The Information Commissioner’s Office (ICO) has fined Papa John’s (GB) Limited £10,000 for sending 168,022 nuisance marketing messages to its customers without the valid consent required by law.
The ICO received 15 complaints from Papa John’s customers about the unwanted marketing they were receiving by text and email. The complaints noted the distress and annoyance the messages were causing.
“I never gave my consent for marketing text messages, it causes me distress receiving these so frequently without being able to stop them”
“Nearly a 100 messages in the past two months is the textbook definition of harassment.”
The ICO’s subsequent investigation found that between 1 October 2019 and 30 April 2020, Papa John’s sent over 210,000 marketing messages with 168,022 confirmed as received.
The ICO investigation found that Papa John’s was relying on the ‘soft opt in’ exemption in order to send marketing texts and emails.
This exemption allows organisations to send electronic marketing messages to customers whose details have been obtained for similar services, but offers a simple way for people to refuse or opt out. The ICO ruled that Papa John’s could not rely on this exemption for customers that had placed an order over the telephone, as they were not given the option to opt out at point of contact nor were they provided with a privacy notice.
Andy Curry, ICO Head of Investigations said:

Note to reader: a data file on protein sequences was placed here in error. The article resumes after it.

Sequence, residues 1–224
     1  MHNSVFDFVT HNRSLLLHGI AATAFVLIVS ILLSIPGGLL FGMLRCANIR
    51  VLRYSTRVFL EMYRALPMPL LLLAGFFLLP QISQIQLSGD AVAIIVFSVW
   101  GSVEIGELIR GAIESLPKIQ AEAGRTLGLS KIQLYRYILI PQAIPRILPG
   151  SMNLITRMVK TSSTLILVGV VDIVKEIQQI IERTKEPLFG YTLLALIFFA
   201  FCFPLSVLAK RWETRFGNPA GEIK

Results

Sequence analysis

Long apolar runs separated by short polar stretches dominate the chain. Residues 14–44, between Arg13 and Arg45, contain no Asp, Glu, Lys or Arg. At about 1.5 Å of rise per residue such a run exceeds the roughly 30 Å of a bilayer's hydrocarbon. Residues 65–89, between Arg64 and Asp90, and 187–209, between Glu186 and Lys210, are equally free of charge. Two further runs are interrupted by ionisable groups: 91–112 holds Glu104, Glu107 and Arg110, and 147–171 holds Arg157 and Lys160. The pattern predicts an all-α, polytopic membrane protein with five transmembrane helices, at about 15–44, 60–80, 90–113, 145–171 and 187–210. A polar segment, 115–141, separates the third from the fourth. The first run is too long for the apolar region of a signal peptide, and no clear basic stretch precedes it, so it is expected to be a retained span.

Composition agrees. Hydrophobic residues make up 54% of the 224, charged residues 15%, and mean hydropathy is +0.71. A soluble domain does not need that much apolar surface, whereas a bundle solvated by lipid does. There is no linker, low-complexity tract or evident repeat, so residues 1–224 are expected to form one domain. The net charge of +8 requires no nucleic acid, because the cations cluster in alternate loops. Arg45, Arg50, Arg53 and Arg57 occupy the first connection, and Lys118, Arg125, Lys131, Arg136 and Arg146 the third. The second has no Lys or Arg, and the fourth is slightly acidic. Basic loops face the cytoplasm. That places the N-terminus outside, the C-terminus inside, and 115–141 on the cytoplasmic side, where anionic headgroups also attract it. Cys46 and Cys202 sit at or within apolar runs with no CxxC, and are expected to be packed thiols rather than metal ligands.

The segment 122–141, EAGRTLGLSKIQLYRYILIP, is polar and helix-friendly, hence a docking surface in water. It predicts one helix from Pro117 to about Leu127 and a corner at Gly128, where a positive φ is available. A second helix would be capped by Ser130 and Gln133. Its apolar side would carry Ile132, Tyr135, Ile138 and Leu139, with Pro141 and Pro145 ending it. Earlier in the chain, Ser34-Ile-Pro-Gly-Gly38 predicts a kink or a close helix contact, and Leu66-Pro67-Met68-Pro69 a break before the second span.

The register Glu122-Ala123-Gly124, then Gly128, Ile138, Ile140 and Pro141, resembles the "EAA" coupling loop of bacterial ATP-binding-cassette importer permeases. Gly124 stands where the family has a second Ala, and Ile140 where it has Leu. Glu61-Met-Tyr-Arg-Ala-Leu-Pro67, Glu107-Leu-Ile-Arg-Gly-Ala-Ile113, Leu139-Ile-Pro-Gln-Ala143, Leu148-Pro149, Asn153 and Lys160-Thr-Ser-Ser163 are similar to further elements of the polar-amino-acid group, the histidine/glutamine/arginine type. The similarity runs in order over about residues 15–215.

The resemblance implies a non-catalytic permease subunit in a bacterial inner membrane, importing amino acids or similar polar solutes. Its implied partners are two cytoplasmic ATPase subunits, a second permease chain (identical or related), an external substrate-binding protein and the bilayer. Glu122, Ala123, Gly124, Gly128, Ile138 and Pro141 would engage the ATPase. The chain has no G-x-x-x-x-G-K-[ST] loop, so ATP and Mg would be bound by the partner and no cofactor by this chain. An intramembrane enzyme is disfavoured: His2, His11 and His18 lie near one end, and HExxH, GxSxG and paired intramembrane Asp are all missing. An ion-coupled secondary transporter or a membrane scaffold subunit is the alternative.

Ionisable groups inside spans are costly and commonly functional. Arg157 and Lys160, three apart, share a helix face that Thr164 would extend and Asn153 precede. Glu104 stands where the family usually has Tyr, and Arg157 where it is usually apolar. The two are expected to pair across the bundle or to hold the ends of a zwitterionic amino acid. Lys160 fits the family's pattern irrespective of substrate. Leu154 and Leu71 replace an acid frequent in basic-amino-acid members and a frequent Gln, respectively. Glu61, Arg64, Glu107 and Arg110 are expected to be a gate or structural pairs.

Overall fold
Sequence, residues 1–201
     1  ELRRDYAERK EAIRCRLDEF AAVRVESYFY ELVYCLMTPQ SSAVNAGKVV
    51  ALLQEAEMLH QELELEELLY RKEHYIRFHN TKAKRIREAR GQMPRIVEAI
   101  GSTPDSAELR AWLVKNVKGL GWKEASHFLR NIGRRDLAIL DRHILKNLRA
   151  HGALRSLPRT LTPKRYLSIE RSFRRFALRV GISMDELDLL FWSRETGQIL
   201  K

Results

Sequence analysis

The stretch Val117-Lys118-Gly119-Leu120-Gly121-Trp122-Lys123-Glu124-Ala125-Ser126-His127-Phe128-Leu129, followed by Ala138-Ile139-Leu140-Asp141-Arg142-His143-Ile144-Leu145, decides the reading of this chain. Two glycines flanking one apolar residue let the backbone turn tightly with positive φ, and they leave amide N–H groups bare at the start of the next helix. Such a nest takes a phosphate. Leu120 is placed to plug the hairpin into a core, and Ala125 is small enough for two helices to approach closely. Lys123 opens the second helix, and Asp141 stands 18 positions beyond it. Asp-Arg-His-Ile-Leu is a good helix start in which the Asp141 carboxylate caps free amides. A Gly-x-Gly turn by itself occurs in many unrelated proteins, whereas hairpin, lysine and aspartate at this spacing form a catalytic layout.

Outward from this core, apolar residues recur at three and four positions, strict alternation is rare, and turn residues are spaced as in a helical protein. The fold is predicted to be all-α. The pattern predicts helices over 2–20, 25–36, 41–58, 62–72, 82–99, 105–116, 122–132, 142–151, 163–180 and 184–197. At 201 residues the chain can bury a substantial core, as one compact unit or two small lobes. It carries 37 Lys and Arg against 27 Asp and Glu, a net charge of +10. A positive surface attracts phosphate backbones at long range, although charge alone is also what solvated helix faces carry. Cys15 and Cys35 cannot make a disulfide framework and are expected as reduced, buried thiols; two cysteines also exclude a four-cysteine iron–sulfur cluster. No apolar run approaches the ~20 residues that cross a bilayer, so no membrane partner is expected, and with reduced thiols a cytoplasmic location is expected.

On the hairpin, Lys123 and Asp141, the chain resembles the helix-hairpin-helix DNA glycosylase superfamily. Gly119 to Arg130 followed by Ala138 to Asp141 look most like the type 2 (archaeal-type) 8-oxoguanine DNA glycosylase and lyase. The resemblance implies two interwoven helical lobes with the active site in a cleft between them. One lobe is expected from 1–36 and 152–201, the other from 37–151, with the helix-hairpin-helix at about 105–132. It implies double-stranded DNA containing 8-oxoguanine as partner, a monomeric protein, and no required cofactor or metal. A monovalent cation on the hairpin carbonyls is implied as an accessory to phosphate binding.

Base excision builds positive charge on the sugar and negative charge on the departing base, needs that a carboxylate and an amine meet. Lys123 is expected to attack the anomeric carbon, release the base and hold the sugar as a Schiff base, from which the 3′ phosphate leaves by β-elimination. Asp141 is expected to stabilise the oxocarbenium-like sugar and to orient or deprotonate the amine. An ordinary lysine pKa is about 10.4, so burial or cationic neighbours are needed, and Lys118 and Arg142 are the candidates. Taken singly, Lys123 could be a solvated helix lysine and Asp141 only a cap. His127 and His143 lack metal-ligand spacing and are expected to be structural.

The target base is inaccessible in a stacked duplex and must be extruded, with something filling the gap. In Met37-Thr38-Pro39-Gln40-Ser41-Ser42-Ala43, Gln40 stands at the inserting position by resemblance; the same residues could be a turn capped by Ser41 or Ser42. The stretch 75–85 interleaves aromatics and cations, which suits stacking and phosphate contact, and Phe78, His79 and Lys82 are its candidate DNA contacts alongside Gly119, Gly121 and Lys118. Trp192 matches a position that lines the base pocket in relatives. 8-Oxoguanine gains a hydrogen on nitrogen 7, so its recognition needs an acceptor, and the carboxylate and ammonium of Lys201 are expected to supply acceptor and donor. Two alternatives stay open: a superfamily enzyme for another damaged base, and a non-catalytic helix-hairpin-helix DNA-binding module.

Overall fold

“The law is clear and simple. When relying on the ‘soft opt in’ exemption companies must give customers a clear chance to opt-out of their marketing when they collect the customers details. Papa John’s telephone customers were not given the opportunity to refuse marketing at the point of contact, which has led to this fine.
“We will continue to take action against companies who may be gaining unfair advantage over those companies that adhere to the law and comply with electronic marketing law”.
The laws governing electronic marketing are contained in the Privacy and Electronic Communications Regulations 2003.
Notes to Editors
- The Information Commissioner’s Office (ICO) upholds information rights in the public interest, promoting openness by public bodies and data privacy for individuals.
- The ICO has specific responsibilities set out in the Data Protection Act 2018, the UK General Data Protection Regulation (GDPR), the Freedom of Information Act 2000, Environmental Information Regulations 2004 and Privacy and Electronic Communications Regulations 2003.
- The Privacy and Electronic Communications Regulations (PECR) give people specific privacy rights in relation to electronic communications. There are specific rules on:
- marketing calls, emails, texts and faxes;
- cookies (and similar technologies);
- keeping communications services secure; and
- customer privacy as regards traffic and location data, itemised billing, line identification, and directory listings.
- The ‘soft opt -in’ exemption provided by Regulation 22(3) PECR means that organisations can send marketing messages by text and e-mail to individuals whose details have been obtained in the course or negotiation of a sale and in respect of similar products and services. The organisation must also give the person a simple opportunity to refuse or opt out of the marketing, both when first collecting the details and in every message after that.
- The ICO has the power under PECR to impose a monetary penalty on a data controller of up to £500,000.
- Civil Monetary Penalties (CMPs) are subject to a right of appeal to the (First-tier Tribunal) General Regulatory Chamber against the imposition of the monetary penalty and/or the amount of the penalty specified in the monetary penalty notice.
- Any monetary penalty is paid into the Treasury’s Consolidated Fund and is not kept by the Information Commissioner’s Office (ICO).
- To report a concern to the ICO telephone our helpline 0303 123 1113 or go to ico.org.uk/concerns.